Italy is leading Europe in easing lockdown measures aimed at containing the spread of the new coronavirus, almost two months after the epidemic hit the continent.
More than 4.4 million Italians went back to work on Monday after seven weeks of extraordinary restrictive measures.
In Italy, Europe’s worst-hit country in terms of deaths, almost 30,000 people have died amid more than 210,700 infections, according to the national Civil Protection Agency.
The return to work came as Italy tries to cushion the economic impact of the shutdowns.
Its economy, the euro zone’s third-largest last year, is expected to shrink more than in any year since the global depression of the 1930s.
Half of Italy’s workforce is receiving state support and the same number told a top pollster that they were afraid of becoming unemployed.
The long-awaited phase two includes resuming activities within factories, building sites and wholesale trade.
Italians are now also allowed to visit family members and people with whom they have an “established emotional bond” in the same region.
Parks are open for walking and running, and people can go for sport activities even far from home.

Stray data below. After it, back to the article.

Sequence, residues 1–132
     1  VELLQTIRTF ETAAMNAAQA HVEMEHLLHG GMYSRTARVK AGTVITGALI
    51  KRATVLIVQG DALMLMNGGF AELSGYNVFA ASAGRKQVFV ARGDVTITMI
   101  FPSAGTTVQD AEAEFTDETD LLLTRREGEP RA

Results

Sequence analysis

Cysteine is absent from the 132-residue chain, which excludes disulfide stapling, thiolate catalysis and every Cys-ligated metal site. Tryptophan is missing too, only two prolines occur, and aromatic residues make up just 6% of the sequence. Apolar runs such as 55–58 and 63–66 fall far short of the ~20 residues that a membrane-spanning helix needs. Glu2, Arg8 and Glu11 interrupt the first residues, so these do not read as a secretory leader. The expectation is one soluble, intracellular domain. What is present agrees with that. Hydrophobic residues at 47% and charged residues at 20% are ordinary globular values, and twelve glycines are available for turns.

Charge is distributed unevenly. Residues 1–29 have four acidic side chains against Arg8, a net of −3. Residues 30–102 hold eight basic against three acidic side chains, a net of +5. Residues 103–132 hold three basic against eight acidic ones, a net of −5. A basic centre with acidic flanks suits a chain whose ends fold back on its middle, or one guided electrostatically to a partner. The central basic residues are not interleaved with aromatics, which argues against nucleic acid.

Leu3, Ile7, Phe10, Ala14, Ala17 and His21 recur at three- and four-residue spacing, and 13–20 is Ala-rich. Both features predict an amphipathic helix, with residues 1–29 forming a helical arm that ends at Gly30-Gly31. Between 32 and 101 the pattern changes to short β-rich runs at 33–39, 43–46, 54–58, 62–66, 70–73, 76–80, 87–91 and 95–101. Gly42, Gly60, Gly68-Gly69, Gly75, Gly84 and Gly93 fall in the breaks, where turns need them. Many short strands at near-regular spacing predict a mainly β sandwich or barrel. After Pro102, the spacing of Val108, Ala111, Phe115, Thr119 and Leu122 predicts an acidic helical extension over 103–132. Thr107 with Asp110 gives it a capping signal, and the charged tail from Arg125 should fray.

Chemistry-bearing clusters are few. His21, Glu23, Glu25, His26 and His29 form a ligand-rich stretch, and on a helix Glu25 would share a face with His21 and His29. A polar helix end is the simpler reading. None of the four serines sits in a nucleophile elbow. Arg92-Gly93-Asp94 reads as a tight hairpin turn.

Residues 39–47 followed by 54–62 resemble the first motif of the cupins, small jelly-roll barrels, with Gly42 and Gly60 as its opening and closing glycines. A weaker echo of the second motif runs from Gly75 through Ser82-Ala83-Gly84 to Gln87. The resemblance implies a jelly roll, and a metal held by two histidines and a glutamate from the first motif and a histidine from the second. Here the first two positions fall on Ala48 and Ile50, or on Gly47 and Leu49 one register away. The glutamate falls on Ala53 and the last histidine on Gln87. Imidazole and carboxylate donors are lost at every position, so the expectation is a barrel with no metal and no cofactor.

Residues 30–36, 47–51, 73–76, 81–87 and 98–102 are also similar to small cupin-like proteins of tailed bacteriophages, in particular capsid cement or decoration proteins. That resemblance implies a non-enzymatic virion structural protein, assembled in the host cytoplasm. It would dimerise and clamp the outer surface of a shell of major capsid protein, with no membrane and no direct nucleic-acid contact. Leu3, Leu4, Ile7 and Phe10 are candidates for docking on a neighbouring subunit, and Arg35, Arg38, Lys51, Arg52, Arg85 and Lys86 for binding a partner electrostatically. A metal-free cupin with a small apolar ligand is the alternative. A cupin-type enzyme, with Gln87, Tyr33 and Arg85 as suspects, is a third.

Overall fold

Social gatherings remain banned and it is mandatory to wear a mask on public transportation and in closed public spaces.
Restrictions on funerals have been relaxed, with a maximum of 15 mourners allowed to attend, but masses and weddings will have to wait.
Bars, hair salons and restaurants will be allowed to reopen only on June 1, if the rate of infection continues to lower.
‘We can hear more noise now’
As the lockdown eased, the sounds of banging and drilling echoed across Rome and a group of men drank espresso out of plastic cups in front of the Pantheon, the former Roman temple, as cafes reopened for takeaway services.
These concerns stem from the lack of new measures addressed to prevent a further spread of the virus, Giambertone said. Many worry that little has changed since phase one.
“Nothing has been said about new tests which in March and February were not enough for everyone who needed to be tested,” said Giambertone, adding, “it’s not easy now to understand why some regions are making [antibody] tests and some are not.”
The government has been working on a contact tracing application but it is not ready yet.